At the 2017 National Scout Jamboree, the star of the National Eagle Scout Association exhibit was an American bald eagle from the nearby Three Rivers Avian Center. There’s just something about America’s national bird—and the namesake of the Eagle Scout Award—that captures the attention of people of all ages.
Nature centers and wildlife-rehabilitation groups around the country care for bald eagles that have been injured and can’t live on their own. Many of them are happy to take their eagles on the road in return for modest donations. The visits help them pay the bills while fulfilling their educational missions.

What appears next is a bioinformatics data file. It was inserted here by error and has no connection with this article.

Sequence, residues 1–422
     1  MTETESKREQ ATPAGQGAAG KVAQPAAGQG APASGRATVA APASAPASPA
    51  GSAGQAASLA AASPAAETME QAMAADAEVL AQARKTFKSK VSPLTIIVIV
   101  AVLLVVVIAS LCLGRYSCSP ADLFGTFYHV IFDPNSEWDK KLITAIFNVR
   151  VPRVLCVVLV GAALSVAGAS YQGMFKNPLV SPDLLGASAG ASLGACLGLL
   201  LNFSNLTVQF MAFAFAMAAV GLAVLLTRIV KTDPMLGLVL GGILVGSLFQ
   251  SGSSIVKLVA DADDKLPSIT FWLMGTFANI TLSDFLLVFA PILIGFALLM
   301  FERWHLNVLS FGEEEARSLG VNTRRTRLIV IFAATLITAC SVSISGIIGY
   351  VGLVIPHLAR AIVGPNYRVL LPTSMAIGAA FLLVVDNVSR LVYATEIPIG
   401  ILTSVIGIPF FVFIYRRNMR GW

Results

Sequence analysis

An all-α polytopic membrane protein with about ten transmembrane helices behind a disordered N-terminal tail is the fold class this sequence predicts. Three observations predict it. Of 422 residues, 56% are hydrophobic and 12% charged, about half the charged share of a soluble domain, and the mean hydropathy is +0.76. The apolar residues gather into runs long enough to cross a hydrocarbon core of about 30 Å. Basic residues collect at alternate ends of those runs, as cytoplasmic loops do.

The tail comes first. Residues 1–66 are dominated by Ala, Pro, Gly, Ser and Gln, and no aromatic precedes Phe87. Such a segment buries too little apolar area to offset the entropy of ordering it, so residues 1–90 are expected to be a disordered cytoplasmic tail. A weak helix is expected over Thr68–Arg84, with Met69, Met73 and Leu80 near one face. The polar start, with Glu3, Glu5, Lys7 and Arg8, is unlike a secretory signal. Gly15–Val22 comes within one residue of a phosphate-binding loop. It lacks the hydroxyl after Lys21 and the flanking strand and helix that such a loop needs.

Including a live bald eagle in an Eagle court of honor is a great way to make the court of honor a signature event. While you probably shouldn’t include the bird in the ceremony itself—eagles can be unpredictable and crowds can disturb them—you could make the bird available for visits and photos before the ceremony (to encourage people to arrive early) or during the reception (to give people something to do after they’ve scarfed down their cake).
What have you done to make a court of honor a signature event? Post your story in the comments section below.
For more ideas, see my post on sending invitations for multi-Scout courts of honor. And for a slew of other ideas, check out my ebook, Showtime: 45 Top Tips from EagleBook.com and The Eagle Court of Honor Book; it costs just $2.99 and is available for immediate download.